Dad, Mom and for quite a while, Mom's elder sister Carolyn spent 17 pretty happy years in their gated community of neat homes full of retirees, when they weren't on cruises or at jazz festivals.  He said that he liked that no one asked who you were in your active life or what you did, only where you were from, and status wasn't an issue.  Most people tootle around in golf carts on the private roads and they can even get to shopping and offices using them.  Dad and Mom were never outdoor people, despite liking the Sunshine State a lot, and I couldn't see them in the open-to-the-breezes cart either.  Would have been silly fun, though.  As they got older they just visited doctors, usually every day, and did not go the local or clubhouse events as much or the (very nice) pools at all.  In the end, they stayed too long and instead of a transition into assisted living when the warning signs were there, their household fell apart all on one day.

So we will both be in a state of suspended animation for some indeterminate time, while outside our cocoon Florida gets stranger almost daily.  Look for the series on under the heading "Oh, #Florida!" for enough inexplicable weirdness to keep you amused for a while.  Pasco County, north of Tampa, not only has a Bigfoot, but teachers gone wild too:  one recently came to class drunk and forced the students to dance before she ran away and passed out by a community pool.  And one young man was arrested for domestic battery after squirting dish soap into his live-in girlfriend's mouth when she wouldn't stop swearing loudly and repeatedly.  And a little farther north in Sumter County, there's a large master-planned age-restricted community called The Villages built and run to shelter right wing-nuts.  It has its own (mostly illegal) government controlled by the developer, its own propaganda newspaper, and a Fox News-affiliated (natch) radio station.  Palin, Huckabee and Glenn Beck have stopped there to bloviate, defending freedom and virtue, despite the fact that any properties sporting non-Republican campaign signs are frequently vandalized.  Heck, that happens here in Camp Hill, PA, too.  Maybe Florida is just leading the way to a more, um, unbalanced sort of life.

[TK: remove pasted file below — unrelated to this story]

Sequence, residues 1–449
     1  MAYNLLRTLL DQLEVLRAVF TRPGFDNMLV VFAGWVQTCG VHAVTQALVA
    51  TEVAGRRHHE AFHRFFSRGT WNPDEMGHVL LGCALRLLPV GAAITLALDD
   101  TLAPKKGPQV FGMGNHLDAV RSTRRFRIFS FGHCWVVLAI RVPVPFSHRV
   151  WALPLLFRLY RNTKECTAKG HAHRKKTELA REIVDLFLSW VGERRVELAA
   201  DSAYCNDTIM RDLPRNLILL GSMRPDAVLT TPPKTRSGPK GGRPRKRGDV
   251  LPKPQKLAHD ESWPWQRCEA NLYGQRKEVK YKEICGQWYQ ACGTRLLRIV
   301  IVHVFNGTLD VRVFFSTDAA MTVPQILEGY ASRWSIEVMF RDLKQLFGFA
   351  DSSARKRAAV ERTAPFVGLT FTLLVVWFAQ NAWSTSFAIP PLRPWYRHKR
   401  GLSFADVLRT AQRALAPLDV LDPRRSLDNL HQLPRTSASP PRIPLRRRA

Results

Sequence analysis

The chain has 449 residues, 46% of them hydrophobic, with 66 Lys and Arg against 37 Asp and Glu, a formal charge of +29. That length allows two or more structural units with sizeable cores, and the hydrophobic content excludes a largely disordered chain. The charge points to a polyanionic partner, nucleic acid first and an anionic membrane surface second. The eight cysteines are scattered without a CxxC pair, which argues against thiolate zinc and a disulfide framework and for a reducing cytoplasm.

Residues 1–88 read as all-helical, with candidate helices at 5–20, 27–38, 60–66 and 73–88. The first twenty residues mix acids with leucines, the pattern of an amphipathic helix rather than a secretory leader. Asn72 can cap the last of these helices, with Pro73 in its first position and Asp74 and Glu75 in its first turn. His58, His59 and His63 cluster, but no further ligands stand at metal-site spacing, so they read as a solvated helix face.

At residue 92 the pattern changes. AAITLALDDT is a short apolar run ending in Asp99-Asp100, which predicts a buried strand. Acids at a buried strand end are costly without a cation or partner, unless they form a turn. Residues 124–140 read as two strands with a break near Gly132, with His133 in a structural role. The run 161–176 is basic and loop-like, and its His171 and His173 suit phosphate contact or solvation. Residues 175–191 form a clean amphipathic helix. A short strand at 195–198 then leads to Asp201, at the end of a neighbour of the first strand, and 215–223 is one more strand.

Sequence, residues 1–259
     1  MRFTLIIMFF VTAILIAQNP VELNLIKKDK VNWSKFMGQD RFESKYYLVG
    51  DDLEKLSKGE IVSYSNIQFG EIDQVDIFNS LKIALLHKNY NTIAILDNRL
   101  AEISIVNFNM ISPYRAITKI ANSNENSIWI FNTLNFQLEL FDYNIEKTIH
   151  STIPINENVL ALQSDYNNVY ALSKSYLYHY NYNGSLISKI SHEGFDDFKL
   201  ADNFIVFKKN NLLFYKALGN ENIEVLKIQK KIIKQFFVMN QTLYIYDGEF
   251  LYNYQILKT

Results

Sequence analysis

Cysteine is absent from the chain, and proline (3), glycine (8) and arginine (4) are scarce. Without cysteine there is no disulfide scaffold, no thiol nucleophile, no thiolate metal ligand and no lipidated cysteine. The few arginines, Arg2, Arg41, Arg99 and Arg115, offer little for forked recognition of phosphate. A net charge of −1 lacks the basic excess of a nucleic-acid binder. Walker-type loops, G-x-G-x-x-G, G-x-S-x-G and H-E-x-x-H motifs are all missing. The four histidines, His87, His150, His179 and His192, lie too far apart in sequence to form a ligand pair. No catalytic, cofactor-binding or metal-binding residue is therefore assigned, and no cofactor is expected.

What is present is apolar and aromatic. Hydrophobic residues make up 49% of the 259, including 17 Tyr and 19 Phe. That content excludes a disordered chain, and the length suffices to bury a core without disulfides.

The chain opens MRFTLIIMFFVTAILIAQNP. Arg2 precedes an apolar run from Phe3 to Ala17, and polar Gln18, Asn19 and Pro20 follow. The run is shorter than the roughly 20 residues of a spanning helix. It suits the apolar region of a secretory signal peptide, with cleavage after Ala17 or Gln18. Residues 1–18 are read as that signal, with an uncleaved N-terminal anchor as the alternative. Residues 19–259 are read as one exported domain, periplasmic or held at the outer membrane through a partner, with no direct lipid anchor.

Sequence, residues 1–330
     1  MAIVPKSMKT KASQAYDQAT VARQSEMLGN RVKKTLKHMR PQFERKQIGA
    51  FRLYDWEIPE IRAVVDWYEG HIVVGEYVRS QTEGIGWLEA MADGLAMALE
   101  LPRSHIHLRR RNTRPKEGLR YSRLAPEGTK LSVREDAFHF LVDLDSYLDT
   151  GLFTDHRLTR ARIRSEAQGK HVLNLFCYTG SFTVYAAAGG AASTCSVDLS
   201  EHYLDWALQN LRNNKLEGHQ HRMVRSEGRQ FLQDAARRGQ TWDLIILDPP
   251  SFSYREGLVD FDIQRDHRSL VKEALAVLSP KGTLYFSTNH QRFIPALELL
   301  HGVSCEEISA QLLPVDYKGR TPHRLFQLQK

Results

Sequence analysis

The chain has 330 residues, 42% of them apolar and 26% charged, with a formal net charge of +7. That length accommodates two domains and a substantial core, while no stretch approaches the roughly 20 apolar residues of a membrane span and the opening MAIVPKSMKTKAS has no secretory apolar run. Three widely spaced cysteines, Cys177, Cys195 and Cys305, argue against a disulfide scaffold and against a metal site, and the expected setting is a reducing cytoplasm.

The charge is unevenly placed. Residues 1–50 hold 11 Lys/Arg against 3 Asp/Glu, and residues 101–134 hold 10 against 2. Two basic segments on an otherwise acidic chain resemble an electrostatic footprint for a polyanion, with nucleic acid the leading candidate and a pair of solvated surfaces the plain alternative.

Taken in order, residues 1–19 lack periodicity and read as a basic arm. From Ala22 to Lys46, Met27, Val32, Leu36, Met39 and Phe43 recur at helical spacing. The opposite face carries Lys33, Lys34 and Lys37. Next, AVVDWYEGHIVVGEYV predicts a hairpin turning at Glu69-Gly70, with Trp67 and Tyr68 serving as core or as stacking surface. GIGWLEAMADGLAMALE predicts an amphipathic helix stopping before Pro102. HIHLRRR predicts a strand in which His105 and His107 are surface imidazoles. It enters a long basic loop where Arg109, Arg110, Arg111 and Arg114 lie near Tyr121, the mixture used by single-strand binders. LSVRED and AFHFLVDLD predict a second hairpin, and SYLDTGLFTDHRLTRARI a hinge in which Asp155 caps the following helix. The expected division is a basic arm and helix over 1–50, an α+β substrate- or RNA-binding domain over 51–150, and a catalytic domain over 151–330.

Friday, July 5, 2013

Renegade Village

                   "Off Key Biscayne is a renegade village on stilts where weekend residents live by their own laws.  Their town hall is a floating Bikini Club that swings both day and night."  (May 1967 issue, Argosy magazine)

It was already too late in 1967 for titillated readers to fly off to Miami to check this place out; it had succumbed to storm and fire a year before and passed into legend.  But you can just see Humphrey Bogart or Errol Flynn in a movie version of it, with Miss Bacall at the bar.

Today you can take a "three hour tour" to visit what remains of Stiltsville on the sand banks of Biscayne Bay, but it would have been a lot more fun to have visited it during its heyday from the early 1930s to the early 1960s when 27 structures built on barges, boats or piers dotted the blue waters.  Miami is still the bad boy of American cities, but you can imagine how they, back in the day, turned the Prohibition era to their advantage and had a great time doing it.  The little rule about gambling being legal a mile offshore didn't escape their notice, and littler things like liquor licenses after 1933 didn't even get their notice. 

"Crawfish Eddie" Walker is said to have built the first stilt house, inaugurating three decades of wild partying history.  He began selling bait and beer, and soon his trademark crawfish chowder.  Jimmy Buffett would have gotten along famously with this guy!  Hurricanes over the years decimated the shacks and clubs on a regular basis, and Eddie's disappeared in storm and fire in 1950.

The more ambitious and expensive Calvert Club was built in the late 1930s, followed by the Quarterdeck Club.  Shady businessman Harry Churchville grounded a yacht on the flats and opened the Bikini Club, featuring free drinks for ladies so attired.  During its all-too-brief three year existence, Florida's elite including a fun-loving governor were regulars until the unfortunate lack of a liquor license brought on a raid.   Life magazine described Stiltsville in its prime as "an extraordinary American community dedicated solely to sunlight, salt water and the well-being of the human spirit."  Amen, brother.

The end to the good times came in the early 1960s with more hurricanes and fires; new building permits for the clubs were denied, and as the National Park expanded, commercial operations were banned in 1969.  The legend lives, though, on television and in novels.  Carl Hiaasen, mordant observer of South Florida's casual relationship with law and virtue, has featured Stiltsville as it was and is in three books.

If  you were drifting on a boat late in the evening near the Bay's sand bars you'd hear the ripple of laughter, the clatter of the dice and the clink of martini glasses drift over the shallow water.  They knew how to live, back in the day.